The “Santa Fe Railway System Standard Dial” with Montgomery minute numbering was unique to the Santa Fe line.
Henry S. Montgomery was Santa Fe Railway’s general watch and clock inspector from 1896 to 1923, and by 1906 perfected a dial with upright minutes, from 1 to 60, printed on the outermost part of pocket watch and clock dials.
Here is a link with more detailed historical information about Montgomery watch dials in particular (scroll down the page to the paragraph titled "Marginal Minute Dials").
Unlike the smaller and more widely used Santa Fe standard station clock with identical dimensions except for a shorter pendulum and six-inch shorter pendulum box the “World” model regulators have a printed circle on the dial, containing a second hand. The circle is located above the center shaft holding the minute and hour hands.
This dial was commonly used on Seth Thomas regulators including the “short-drop”, “World”, and Regulators No. 2, No. 3, and No. 19.
Some clocks in the SFRR system used only the simple moniker
"Santa Fe Route" on the glass.
Some railroad locks carried signage indicating
time variance to "Railroad Standard Time" as you can see
in this photo of a SFRR telegraph office (click to enlarge)
Others had "City Time" (or "Local Time") and "Railroad Time"
on double dials (though following example below is not SFRR).
The clocks immediately above are Seth Thomas
Regulator No. 19 - perhaps the most prized of the
ST Regulators - especially with a SFRR dial.
Seth Thomas "Double-Time" for the Railroads
In later years, trying to make their clocks look "modern",
SFRR modified (hacked up) Reg. 19s to make an odd-ball-looking
remnant clock that used a SFRR-made door. The following two photos
are of one of those (extremely rare) SFRR clocks that we sold in 2007.
It has the common signage that you can also see in the telegraph clocks
further above, indicating the accuracy of the clock.
Clocks weren't the only SFRR inventory
to go through the "chop shop"!
All clocks in the SFRR system were regularly maintained
and had a Time Service Department label.
In 1969, Santa Fe authorized sale of its mechanical clocks.
Following is a photo of Bob Wells, then Assistant Watch Inspector
and a pair of visitors with a wall-full of Santa Fe clocks in the background.
Note that not all Santa Fe clocks had the Montgomery dial.
The movement in the foreground is a 15-day Seth Thomas
from a "World" model like the visitor is holding.
Note also a variety of Seth Thomas "short-drop" station clocks
as well as large gallery clocks, and Regulators No. 18, 19,
Lots of "railroad" clocks are being created created from scratch
today (or with repainted dials) and sold as originals, including
from dealers in IA, OH, and Northern CA. Do your homework
before purchasing and know the dealer!
SFRR Timekeeping article from 1949
Seth Thomas manufactured a very limited number of this clock
which they labeled "Precision" and which appeared in their 1888 catalogue.
This Precision Cock from Seth Thomas was acquired by H.S. Montgomery
to protect against interruptions of time signals sent daily by Western Union.
Following is a photo from the SFRR archives showing Arthur J. Strobel, who headed the SFRR Time Service Department at the time. (click to enlarge).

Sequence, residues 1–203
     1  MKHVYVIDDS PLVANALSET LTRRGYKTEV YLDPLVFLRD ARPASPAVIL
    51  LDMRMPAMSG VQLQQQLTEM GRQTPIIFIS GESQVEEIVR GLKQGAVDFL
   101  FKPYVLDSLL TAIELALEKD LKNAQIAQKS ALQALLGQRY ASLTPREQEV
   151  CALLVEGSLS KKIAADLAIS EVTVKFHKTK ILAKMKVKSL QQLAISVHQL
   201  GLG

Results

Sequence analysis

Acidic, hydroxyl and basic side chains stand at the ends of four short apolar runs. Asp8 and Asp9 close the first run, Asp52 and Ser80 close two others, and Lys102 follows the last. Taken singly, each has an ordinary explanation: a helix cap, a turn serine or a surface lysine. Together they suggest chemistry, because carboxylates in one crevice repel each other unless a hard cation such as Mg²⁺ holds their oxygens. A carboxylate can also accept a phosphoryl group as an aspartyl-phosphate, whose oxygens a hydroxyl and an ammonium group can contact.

The photo above is one of several pictures, that Santa Fe supplied
to the "Watch Master Timing Machine Company" during World War II.
Watch Master sent their newsletter to all of the jewelers
and watchmakers to promote their machine..
SFRR Seth Thomas 8-Day Precision Astronomical Regulator
with mercurial compensating pendulum and gravity escapement
(62"h; 14" dial)
ref: Seth Thomas Clocks & Movements, Third Edition,
Tran Duy Ly, 2004, p.428
This clock is presently located in the visitor's center
of the Burlington & Santa Fe Railroad in Fort Worth, TX.
It apparently was shipped from Topeka to the SFRR offices in Chicago
and subsequently to TX.
This example, badge number 102, was in service with the Santa Fe Railway
by 1904. It has a gravity escapement and oak hood which was
pictured in a 1907 newspaper article about the clock. The article
stated that the clock was used to automatically update the
time in ten states through the telegraph wires. The clock was
located in the General Watch & Clock Inspectors office in Topeka
until the close of the office in 1989. The clock is wound by
removing a plug in the glass hood and inserting a winding crank.
Two weights travel down the sides of the clock. Even the
pulleys were jeweled in this technological masterpiece.
The original price of the (gravity escapement version
clock was $1,350 with the standard case shown below.
(original Seth Thomas Precision Astronomical Regulator catalogue drawing - dead beat escapement)
There are several examples of this rare clock in existence,
including one at the U.S. Naval Observatory and another in Hawaii.
The Hawaiian clock is set up for "sidereal" (observatory) timekeepking.
Those with the dead beat escapement had the plain case shown
in the catalogue and the gravity escapement models had the wooden hood.
Another pair of of this model apparently came from an observatory
in South America and were last known to be in New York,
with badge (serial) numbers 11 and 12. Here is a badge example with the
Seth Thomas signature and indicating locations
in Thomastown CT and New York.
Dial from dead beat escapement model. Note that on the SFRR
clock above (gravity escapement model) the hour and second hand
subsidiary dials are reversed from the dead beat model.
If you own this model or know of the whereabouts of any others,
we would be delighted to be in touch with the owners to further document
this rare precision timekeeping machine!
Actor Michael Gross (Family Ties)
with his clock once owned by A.J. Strobel, General Watch & Clock Inspector
for the Santa Fe Railway. The photo was taken 08-07-1997.
AT&SF Historical Article & Photos
Our special thanks to David Nicholson
for his many contributions to this page.